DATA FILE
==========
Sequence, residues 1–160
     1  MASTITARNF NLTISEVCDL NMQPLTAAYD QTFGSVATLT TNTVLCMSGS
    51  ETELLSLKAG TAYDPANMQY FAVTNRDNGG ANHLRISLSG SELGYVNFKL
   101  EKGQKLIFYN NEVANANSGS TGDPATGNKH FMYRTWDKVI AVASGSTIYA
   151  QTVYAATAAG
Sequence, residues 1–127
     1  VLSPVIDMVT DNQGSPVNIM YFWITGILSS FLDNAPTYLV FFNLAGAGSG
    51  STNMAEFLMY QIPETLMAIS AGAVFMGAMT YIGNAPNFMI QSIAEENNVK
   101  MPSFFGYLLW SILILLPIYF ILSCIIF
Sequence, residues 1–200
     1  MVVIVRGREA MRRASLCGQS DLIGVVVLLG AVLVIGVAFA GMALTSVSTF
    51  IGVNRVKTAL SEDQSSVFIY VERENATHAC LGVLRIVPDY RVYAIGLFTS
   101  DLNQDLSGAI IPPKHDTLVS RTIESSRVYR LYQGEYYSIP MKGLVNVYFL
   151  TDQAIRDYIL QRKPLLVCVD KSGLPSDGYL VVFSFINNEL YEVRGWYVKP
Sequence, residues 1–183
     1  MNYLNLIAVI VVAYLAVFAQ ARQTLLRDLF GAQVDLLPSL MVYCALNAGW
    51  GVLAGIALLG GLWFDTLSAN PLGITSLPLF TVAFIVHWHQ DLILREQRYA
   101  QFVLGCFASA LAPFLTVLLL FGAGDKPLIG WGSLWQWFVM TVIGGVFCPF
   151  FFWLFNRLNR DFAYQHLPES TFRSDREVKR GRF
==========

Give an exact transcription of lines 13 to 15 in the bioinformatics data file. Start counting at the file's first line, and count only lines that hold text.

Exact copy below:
   101  DLNQDLSGAI IPPKHDTLVS RTIESSRVYR LYQGEYYSIP MKGLVNVYFL
   151  TDQAIRDYIL QRKPLLVCVD KSGLPSDGYL VVFSFINNEL YEVRGWYVKP
Sequence, residues 1–183